You can probably see what's wrong with this picture.  Assuming this continues through multiple successions, this can become an even bigger mess, one that Twitter is currently encountering. There, three former CEOs constitute a sizable portion of the board.  As the company searches for its next chief, Dick Costolo will slip in along side Jack Dorsey and Evan Williams, all predecessors in the role.  In fact, Dorsey is playing an interim role as CEO while the search progresses.

Can this really work?  Would you want to take on this role as CEO with your three immediate successors looking over your shoulder and questioning every move?

Spencer Stuart, who owns this headhunter role, has remained mum on the topic.  But surely, any self respecting candidate would require a reconstituted board as a precondition to accepting this role.  Perhaps, that is what Spencer Stuart is hoping.

10 July 2015

Ka Pao!


CNN just announced that Ellen Pao been replaced as the interim CEO of Reddit.  Certainly she did little to ingratiate herself with the loyal Reddit community.  Certainly she was tone deaf when she fired long-time and very popular Victoria Taylor. And perhaps her reputation was muddied by her recent legal escapades that have antagonized the venture community in Silicon Valley.  Probably most important is that Reddit just wasn't ready for someone like Ellen, as an interim or otherwise.  She will be replaced by the company's founder Steve Huffman.

05 July 2015

The CEO Takes Flight @ Triumph Group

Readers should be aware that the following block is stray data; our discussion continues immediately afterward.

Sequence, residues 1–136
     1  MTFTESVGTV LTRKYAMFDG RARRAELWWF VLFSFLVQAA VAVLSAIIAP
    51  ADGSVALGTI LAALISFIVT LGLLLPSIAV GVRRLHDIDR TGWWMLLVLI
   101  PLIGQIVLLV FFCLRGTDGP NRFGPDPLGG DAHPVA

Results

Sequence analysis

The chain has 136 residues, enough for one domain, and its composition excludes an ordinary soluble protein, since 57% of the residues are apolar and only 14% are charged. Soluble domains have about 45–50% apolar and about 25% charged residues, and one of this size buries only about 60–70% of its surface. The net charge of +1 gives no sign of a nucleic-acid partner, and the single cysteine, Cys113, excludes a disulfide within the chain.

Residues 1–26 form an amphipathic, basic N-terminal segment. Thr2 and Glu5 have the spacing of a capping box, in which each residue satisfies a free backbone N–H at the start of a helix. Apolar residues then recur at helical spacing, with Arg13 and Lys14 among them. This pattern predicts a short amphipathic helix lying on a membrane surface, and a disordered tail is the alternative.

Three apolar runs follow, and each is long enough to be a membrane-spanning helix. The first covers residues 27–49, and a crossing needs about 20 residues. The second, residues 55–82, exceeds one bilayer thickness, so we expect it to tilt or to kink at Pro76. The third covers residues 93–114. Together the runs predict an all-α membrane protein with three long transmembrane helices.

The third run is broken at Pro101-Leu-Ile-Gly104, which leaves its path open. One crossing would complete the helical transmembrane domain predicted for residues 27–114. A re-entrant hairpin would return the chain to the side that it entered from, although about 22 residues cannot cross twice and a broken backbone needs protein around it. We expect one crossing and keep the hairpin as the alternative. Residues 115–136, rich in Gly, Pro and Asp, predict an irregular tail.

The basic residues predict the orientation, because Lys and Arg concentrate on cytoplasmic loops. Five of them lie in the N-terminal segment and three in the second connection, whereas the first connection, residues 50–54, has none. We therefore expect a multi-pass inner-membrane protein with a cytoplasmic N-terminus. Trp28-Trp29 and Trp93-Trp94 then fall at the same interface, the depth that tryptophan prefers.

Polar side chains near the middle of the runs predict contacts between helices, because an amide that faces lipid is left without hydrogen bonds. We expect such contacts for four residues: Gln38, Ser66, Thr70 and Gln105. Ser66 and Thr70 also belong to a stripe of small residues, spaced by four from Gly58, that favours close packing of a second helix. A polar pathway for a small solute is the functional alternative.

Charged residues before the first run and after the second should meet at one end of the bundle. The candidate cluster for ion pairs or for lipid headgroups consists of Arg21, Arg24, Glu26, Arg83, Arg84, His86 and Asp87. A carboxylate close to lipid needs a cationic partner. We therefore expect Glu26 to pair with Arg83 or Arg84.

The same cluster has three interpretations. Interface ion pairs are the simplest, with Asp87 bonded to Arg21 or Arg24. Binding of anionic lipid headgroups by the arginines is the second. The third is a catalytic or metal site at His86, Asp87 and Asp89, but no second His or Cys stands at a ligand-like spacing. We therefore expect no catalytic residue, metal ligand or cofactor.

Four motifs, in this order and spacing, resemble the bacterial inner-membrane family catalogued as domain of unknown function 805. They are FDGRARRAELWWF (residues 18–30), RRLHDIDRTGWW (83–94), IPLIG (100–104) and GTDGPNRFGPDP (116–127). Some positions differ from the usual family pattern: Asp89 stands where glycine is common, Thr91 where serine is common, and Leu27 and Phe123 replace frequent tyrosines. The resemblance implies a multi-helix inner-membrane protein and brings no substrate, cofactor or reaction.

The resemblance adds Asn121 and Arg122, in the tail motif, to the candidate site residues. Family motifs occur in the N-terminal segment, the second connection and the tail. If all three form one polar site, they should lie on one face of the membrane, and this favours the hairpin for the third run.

Triumph Group CEO Steps Down, Replaced By Company Founder

Richard C. Ill Replaces Jeffry D. Frisby as CEO




09 June 2015

All in the Family

Less than one out of three family businesses survive into the second generation.  Of those, about forty percent make it beyond.  So it's somewhat unique to find a third generation family business
Lori, Caryn, and Shelly Hirshleifer
thoughtfully preparing for a transition.  But that is exactly what Hirshleifers is about to do.  Founded over one hundred years ago in Manhasset, NY this luxury retailer has thrived.  While they are not yet sure if it will be family members that take the retailer forward, and although it is still several years from their retirement, the sisters are contemplating what is next.


17 May 2015

Fashioning a CEO Succession

Diane von Furstenberg
Diane von Furstenberg finally found her successor.  Tomorrow Paola Riva takes over as the first CEO other than Diane to run her fashion empire.  But why did it take her so long and is he the right guy?

Ms. Furstenberg describes her attraction to Mr. Riva.  "When I asked - why do you want to do this?" she inquired.  Apparently he responded: "First, because I love you, the person.  Second, because the potential of your brand is unbelievable.  And third, because you are a private company."

Perhaps the fashion industry is different than most, but proclaiming your love for the founder probably is tricky position to stake out for a successor CEO.  The first time he decides to make a change that Diane is not in favor of, the love affair will end.